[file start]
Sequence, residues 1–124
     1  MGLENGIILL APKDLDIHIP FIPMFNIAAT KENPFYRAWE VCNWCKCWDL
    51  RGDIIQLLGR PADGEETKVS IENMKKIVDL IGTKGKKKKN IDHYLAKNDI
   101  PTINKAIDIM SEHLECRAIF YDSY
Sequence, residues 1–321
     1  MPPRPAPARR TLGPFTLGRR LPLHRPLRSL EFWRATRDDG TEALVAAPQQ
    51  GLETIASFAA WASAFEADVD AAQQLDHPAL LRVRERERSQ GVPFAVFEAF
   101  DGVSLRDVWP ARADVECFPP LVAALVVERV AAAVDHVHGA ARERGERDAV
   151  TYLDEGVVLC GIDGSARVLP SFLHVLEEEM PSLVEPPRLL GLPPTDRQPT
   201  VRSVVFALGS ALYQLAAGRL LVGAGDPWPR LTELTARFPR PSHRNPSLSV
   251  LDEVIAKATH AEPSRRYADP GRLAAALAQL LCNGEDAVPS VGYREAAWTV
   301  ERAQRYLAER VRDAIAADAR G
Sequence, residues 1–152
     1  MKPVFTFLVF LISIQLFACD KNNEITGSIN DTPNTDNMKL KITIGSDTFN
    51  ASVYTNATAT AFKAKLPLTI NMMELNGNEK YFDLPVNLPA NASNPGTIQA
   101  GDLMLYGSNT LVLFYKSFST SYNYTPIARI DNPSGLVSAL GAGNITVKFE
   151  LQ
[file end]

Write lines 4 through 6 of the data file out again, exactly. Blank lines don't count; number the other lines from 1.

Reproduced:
   101  PTINKAIDIM SEHLECRAIF YDSY
Sequence, residues 1–321
     1  MPPRPAPARR TLGPFTLGRR LPLHRPLRSL EFWRATRDDG TEALVAAPQQ